The Legion, therefore, is very careful in who it allows to appear for confirmation. The Immortal Vow helps keep the desires of Bahamut and Tiamat in check, ensuring that one or the other cannot deny confirmation simply out of spite toward the other deity, but most often it is the Legion that denies confirmation of the bond. Prior to confirmation, a dragon may remove itself from her bonded status if she feels that her partner is not a good match for them. At this, the Initiate may attempt a bond with the other unbonded dragons within the Legion, or wait until a Wyrmling becomes available and serve the Legion in another capacity until such a time. Similarly, if an individual proves to be a poor match for the Legion – showing tendencies of corruption or unlawful behavior – the bond may be forcibly severed by the Council of Ancients using the Gladius of the Dragon Gods.
Blessed by both Bahamut and Tiamat, the weapon is the only known way of severing a bond between mortal and dragon. It is kept carefully guarded and is used only in situations where the bonded dragon, too familiar with a corrupted partner, refuses to willingly withdraw from the bond. It is an incredibly painful process, which leaves both members unable to bond again. The process is not life-threatening and those involved are still alive, but the pain of the separation often drives those involved mad. In the history of the Legion, this has only happened four times, and each time it was seen as a blow to the Legion itself. A special form of swordbonding prevents the Gladius from being stolen, ensuring that it is always available for use by the council.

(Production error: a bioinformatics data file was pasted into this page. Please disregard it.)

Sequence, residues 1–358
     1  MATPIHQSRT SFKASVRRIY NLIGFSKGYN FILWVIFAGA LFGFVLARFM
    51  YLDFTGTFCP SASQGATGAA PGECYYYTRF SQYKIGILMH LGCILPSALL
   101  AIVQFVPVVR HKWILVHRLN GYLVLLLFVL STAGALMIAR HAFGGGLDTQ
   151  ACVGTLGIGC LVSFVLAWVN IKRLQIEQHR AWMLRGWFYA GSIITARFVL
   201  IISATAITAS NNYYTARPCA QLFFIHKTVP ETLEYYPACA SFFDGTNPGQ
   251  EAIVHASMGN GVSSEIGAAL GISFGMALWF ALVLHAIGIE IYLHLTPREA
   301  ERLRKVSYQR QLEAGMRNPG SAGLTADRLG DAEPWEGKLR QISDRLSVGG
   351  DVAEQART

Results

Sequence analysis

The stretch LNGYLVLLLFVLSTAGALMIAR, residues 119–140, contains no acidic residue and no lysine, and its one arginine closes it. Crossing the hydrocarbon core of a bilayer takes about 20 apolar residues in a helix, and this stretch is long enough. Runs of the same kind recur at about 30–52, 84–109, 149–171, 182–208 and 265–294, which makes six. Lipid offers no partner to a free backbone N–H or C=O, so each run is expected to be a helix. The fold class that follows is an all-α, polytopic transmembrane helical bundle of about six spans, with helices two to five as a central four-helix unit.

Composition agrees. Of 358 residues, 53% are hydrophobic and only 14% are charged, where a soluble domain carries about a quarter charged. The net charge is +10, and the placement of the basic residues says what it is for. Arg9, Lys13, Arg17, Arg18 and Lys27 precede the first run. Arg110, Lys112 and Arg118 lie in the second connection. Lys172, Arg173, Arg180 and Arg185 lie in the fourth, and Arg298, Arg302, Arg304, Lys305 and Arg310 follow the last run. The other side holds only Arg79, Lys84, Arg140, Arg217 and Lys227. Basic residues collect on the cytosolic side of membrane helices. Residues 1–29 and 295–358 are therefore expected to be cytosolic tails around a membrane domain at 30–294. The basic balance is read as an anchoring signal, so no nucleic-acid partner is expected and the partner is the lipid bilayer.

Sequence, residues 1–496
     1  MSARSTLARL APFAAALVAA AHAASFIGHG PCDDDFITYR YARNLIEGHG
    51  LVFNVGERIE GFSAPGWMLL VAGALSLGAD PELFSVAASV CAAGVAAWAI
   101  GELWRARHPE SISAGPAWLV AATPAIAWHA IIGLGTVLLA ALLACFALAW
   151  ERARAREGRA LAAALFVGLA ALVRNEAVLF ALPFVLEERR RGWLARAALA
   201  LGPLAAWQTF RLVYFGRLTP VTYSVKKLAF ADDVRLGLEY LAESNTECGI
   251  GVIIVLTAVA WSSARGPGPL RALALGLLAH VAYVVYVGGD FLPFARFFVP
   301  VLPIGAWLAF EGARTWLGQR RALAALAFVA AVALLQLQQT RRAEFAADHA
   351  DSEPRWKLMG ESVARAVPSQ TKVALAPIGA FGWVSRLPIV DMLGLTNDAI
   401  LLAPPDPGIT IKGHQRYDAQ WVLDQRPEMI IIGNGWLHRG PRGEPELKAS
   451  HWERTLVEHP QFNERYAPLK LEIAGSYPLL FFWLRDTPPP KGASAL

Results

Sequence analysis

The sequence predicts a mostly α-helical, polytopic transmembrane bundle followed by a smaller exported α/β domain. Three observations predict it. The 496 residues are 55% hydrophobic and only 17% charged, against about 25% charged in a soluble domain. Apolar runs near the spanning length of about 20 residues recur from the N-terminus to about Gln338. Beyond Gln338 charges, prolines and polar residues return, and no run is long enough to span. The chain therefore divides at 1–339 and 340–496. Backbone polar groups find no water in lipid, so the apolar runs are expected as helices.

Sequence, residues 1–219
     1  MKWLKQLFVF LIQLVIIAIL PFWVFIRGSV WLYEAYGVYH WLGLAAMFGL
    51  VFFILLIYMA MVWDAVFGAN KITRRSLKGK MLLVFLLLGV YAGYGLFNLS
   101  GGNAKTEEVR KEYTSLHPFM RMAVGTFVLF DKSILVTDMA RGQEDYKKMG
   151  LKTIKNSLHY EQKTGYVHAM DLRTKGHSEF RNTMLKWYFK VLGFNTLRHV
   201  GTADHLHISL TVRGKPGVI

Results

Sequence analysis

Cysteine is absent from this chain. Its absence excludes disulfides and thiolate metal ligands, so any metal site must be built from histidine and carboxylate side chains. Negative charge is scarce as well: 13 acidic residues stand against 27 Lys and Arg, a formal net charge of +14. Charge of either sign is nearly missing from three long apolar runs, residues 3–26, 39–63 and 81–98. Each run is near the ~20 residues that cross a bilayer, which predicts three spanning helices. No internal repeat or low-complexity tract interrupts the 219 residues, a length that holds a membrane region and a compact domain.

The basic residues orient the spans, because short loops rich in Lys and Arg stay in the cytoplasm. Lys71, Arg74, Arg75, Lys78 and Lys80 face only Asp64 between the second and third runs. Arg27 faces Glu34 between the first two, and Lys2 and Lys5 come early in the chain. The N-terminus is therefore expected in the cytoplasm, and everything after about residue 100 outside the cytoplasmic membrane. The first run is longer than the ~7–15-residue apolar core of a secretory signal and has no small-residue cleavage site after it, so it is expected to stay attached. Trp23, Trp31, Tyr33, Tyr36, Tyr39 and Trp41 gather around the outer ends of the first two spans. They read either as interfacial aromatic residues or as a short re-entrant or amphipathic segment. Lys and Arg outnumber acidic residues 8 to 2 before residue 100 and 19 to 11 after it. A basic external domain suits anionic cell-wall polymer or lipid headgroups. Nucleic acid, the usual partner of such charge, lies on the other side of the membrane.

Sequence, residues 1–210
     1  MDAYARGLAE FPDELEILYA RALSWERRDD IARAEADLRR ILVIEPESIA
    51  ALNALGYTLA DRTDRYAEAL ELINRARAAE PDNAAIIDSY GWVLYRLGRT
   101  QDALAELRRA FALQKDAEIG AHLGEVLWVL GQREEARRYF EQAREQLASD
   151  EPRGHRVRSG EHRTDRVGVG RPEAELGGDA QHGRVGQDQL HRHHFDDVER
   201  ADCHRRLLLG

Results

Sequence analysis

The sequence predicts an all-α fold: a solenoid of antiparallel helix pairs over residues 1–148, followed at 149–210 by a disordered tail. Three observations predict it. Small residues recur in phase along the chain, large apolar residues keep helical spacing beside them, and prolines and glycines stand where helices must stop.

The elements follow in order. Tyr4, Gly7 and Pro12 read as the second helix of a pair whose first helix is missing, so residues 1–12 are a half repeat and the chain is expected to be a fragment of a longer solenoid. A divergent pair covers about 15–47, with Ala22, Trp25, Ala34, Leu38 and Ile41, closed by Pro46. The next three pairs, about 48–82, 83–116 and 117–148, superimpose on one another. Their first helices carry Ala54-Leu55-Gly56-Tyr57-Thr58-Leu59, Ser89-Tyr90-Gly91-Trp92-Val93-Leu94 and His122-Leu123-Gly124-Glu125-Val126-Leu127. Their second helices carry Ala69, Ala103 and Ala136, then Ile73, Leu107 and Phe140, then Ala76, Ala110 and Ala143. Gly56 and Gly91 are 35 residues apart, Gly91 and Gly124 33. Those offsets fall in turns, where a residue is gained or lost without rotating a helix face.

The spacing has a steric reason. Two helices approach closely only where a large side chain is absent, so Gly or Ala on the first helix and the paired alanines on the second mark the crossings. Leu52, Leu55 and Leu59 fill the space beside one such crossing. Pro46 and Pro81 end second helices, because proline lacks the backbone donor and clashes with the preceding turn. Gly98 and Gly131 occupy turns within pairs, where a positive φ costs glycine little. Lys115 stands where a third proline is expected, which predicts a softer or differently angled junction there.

Sometimes, though, the Legion does not detect the corruption or unlawful behavior until it is too late and the pair has already fled. When this occurs, the Legion will immediately send out a group to locate and arrest the pair. If captured, their bond will be immediately severed and the two involved will face the justice system of their native country – the Legion has a vested interest in the outcome and therefore is not allowed to place its own members on trial. The dragon, on the other hand, is banished from Mydial, and forced to fly over the seas and not allowed to return. It is claimed that some of the more vicious and feral wild dragons that now inhabit Mydial are actually dragons that have been banished to the Wilds and then returned, their intelligent mind and understanding of the Legion allowing them to evade capture and death at the end of Legionnaire’s blade. The mortal half of the pair is almost always executed.